Formed in Tokyo in 2011 by three musicians already active in three separate bands – Ryo Kishimoto on piano (Jabberloop), Hidehiro Kawai (Immigrant’s bossa band) on double bass and Tsukasa Inoue (Nhhmbase) on drums – Fox Capture Plan is a young trio playing an exuberant and infectious brand of contemporary jazz influenced by indie rock music and electronica. Released on the Playwright label in November 2015, Butterfly is the band’s fourth original album.
The release of Butterfly marks the final chapter of a busy 2015 which also saw the trio release Underground, a mini album + DVD in May 2015 and Covermind the same month. The latter album features covers from British and American alt rock, metal or dance acts that were all released in the 1990s, some of which already appeared in their previous albums. Informed by bands as diverse as Oasis, Radiohead, Red Hot Chilli Peppers, Underworld, Fatboy Slim or Korn amongst others, Fox Capture Plan’s electro-jazz-rock sound also hinges strongly on drum & bass breakbeats and heavy bass lines.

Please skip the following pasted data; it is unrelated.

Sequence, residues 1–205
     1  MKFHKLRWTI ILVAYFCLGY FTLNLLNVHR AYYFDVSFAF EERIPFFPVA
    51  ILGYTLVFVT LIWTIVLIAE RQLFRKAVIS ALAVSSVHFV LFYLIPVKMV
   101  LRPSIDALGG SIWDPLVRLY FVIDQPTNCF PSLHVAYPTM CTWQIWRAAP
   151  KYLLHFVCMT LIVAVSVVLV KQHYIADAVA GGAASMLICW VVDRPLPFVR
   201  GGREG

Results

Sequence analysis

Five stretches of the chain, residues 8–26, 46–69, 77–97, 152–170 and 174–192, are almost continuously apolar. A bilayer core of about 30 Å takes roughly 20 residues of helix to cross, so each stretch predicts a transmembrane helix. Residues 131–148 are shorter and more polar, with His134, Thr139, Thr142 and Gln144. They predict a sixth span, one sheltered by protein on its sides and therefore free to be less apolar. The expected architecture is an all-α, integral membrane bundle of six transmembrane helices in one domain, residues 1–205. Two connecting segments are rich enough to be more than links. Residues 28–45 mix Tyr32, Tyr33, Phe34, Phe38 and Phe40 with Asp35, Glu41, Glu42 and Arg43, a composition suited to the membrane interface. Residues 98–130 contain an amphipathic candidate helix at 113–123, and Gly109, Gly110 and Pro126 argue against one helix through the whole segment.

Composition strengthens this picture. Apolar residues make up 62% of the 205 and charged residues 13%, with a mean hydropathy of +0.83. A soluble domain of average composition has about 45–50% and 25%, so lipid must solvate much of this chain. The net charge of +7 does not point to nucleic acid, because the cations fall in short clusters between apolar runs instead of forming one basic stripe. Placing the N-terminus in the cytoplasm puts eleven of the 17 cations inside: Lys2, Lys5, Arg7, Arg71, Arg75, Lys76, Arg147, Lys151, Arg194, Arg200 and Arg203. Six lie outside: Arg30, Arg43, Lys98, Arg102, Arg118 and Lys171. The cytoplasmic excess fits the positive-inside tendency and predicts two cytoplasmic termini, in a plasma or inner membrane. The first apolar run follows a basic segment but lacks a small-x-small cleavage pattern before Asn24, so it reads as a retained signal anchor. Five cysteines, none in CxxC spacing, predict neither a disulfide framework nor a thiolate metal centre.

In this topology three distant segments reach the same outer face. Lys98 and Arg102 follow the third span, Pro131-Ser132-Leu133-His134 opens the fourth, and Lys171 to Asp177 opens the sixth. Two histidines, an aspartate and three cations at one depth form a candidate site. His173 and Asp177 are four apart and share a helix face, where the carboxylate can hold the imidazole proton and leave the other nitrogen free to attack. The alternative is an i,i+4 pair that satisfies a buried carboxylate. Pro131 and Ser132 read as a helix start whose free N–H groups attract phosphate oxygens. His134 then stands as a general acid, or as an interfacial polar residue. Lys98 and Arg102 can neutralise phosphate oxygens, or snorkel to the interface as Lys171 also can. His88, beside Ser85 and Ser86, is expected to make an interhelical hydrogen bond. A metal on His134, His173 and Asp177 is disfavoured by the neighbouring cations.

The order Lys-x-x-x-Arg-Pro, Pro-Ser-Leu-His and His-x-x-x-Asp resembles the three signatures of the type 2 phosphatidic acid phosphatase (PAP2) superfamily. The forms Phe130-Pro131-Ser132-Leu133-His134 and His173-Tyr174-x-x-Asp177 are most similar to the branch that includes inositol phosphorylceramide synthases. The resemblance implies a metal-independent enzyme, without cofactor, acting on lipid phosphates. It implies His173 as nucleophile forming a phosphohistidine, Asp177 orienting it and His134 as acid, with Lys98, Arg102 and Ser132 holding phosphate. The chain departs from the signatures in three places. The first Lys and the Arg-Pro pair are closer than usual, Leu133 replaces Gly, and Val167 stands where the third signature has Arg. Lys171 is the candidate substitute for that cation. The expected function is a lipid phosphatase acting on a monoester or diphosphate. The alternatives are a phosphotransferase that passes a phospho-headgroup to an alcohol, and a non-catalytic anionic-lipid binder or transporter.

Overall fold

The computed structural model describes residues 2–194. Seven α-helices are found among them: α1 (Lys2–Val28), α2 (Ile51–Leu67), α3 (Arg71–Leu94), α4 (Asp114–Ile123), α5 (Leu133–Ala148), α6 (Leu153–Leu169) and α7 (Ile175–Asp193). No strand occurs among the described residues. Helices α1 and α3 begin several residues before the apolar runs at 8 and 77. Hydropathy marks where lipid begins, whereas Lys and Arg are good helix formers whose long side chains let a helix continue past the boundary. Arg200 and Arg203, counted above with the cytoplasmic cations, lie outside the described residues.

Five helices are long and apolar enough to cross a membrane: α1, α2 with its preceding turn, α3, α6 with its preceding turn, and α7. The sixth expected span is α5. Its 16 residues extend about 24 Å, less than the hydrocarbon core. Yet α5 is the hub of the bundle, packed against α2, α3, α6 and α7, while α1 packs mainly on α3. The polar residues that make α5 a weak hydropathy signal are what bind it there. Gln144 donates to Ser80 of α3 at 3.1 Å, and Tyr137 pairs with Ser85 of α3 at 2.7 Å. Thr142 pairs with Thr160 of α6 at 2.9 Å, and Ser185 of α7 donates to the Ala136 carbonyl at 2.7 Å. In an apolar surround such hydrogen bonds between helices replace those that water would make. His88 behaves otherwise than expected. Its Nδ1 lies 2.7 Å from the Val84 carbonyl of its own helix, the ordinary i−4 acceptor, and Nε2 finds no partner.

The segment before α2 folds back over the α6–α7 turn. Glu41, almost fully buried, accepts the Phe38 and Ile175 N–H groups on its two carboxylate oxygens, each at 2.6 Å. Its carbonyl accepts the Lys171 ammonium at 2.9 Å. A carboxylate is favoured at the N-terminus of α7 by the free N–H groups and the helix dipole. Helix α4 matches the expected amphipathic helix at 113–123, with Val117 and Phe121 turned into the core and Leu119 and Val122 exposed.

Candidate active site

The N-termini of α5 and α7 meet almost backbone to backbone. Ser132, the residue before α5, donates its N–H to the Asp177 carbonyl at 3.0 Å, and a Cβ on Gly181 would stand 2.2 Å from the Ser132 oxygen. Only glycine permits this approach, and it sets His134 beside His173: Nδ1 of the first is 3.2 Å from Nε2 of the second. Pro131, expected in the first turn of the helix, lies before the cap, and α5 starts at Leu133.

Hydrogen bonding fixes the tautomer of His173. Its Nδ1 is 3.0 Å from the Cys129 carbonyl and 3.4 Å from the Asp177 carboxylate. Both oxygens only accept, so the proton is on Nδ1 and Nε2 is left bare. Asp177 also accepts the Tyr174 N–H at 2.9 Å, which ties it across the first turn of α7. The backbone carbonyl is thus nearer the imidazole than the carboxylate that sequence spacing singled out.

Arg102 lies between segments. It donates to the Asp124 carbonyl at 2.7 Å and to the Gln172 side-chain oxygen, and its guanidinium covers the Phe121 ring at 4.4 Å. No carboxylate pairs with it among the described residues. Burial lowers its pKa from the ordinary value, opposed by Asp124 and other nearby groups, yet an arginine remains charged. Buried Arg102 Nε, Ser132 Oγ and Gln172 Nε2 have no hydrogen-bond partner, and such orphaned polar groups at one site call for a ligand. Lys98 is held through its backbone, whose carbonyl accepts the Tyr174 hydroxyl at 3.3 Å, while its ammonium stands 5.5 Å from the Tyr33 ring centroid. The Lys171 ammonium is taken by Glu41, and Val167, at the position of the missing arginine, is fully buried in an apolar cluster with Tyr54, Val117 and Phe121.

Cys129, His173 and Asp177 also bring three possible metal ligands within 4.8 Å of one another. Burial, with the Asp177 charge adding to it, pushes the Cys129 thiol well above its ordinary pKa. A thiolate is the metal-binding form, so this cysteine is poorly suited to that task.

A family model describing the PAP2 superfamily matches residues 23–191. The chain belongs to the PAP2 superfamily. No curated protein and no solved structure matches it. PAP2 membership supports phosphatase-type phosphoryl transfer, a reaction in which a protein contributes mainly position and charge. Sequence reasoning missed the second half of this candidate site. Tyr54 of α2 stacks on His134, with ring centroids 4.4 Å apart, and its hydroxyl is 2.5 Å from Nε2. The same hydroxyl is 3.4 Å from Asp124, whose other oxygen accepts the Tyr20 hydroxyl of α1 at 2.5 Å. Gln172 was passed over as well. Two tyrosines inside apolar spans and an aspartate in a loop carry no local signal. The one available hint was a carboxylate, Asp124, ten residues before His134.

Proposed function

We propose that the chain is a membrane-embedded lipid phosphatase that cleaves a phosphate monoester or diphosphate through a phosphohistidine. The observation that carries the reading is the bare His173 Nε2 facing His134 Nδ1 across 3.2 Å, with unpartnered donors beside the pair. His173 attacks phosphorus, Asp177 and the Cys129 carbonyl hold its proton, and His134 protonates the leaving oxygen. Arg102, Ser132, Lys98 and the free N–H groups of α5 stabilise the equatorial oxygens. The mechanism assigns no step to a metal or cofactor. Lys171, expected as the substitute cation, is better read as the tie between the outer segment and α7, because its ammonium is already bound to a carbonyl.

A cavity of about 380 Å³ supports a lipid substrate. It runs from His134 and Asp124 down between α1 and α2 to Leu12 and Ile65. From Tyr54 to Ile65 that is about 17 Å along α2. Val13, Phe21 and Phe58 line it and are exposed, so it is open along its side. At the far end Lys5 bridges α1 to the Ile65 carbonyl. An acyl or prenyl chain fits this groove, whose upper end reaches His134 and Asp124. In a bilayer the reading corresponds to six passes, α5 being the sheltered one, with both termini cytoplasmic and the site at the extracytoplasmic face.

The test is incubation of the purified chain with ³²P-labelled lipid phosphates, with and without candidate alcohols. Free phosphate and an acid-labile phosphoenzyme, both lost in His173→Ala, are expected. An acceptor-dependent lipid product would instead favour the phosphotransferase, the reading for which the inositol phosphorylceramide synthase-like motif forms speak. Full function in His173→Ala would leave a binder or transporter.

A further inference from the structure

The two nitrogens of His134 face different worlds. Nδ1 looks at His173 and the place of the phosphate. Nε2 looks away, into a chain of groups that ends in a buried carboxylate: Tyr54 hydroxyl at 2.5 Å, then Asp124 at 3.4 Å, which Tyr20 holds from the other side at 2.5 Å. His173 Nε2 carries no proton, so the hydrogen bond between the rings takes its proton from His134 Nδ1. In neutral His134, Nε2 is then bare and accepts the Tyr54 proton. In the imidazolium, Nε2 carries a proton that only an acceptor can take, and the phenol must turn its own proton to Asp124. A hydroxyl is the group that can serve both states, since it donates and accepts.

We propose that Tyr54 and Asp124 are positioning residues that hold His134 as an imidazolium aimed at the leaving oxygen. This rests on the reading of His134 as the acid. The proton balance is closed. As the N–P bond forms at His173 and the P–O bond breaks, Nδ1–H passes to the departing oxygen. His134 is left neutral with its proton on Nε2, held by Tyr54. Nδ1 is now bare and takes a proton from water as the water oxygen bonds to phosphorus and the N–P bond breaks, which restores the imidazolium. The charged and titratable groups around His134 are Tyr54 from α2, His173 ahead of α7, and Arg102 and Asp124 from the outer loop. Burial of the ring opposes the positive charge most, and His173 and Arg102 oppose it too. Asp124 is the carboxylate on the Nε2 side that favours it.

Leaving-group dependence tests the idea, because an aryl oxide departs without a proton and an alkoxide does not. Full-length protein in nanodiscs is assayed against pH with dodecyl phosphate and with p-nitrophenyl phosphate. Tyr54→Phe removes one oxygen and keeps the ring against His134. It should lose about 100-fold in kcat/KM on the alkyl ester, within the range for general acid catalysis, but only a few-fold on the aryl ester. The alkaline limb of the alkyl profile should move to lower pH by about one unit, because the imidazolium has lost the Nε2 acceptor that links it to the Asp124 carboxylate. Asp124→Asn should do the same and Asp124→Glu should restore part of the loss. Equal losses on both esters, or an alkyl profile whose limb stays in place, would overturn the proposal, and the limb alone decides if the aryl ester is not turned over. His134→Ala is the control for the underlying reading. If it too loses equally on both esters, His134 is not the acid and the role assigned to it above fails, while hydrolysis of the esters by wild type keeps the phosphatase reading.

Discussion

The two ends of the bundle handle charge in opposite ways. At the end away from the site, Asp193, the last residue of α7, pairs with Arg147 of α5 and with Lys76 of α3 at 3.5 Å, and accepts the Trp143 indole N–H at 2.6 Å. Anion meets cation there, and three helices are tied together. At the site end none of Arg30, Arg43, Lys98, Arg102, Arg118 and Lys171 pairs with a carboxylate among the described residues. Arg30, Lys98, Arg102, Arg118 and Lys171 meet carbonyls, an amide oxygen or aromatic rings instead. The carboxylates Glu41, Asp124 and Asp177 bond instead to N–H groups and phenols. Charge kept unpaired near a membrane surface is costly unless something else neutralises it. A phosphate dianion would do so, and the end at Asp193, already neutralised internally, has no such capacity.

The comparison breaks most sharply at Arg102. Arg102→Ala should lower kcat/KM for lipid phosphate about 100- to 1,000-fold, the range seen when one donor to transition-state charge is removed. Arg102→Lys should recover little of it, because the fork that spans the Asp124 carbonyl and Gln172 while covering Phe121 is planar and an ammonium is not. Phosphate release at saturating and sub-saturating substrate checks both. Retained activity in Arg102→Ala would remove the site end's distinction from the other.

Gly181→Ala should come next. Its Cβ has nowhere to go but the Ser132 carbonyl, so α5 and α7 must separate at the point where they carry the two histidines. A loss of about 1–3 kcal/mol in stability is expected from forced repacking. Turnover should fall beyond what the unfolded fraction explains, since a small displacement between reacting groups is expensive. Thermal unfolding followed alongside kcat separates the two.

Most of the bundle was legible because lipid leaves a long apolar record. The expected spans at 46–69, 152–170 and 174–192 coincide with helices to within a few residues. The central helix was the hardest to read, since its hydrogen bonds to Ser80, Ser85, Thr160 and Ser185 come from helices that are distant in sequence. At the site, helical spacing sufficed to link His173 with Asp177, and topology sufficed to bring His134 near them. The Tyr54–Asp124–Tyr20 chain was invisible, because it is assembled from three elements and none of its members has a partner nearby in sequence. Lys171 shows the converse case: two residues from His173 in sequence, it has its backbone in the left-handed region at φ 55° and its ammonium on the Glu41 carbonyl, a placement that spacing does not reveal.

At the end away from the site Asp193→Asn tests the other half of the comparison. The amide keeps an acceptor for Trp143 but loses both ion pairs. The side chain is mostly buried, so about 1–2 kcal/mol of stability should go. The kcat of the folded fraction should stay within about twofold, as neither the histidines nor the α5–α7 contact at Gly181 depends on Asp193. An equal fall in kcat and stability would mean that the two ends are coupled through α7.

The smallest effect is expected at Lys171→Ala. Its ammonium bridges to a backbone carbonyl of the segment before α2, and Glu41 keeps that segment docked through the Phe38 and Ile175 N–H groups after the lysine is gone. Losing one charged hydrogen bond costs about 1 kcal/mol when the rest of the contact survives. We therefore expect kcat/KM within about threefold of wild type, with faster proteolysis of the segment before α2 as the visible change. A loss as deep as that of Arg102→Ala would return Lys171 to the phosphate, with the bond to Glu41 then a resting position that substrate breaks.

Often illustrated by swirling video clips, Fox Capture Plan’s compositions are brimming with ideas, thrilling and syncopated piano solos, constant breaks and key changes. “Supersonic”, for instance concludes Butterfly with a trademark riff on the piano which is then revisited and deconstructed many times over.
Complementing the lush and urban sound of the trio, Butterfly is introduced by a string quartet (“The beginning of”) which returns on three other songs and also features the saxophone of Naruyoshi Kikuchi on “Konton to Souzou No Kikagaku”.
In a recent interview, Ryo Kishimoto acknowledged the impact and profound influence Esbjörn Svensson Trio had on his music (“a considerable shock when I heard it for the first time”) and how an album like Seven Days of Falling (2003) for instance was instrumental in the formation of Fox Capture Plan. True to the “Butterfly effect” of the title track, it is nice to observe how the groundbreaking music of a Swedish trio prompted a musical maelstrom in Japan a decade later.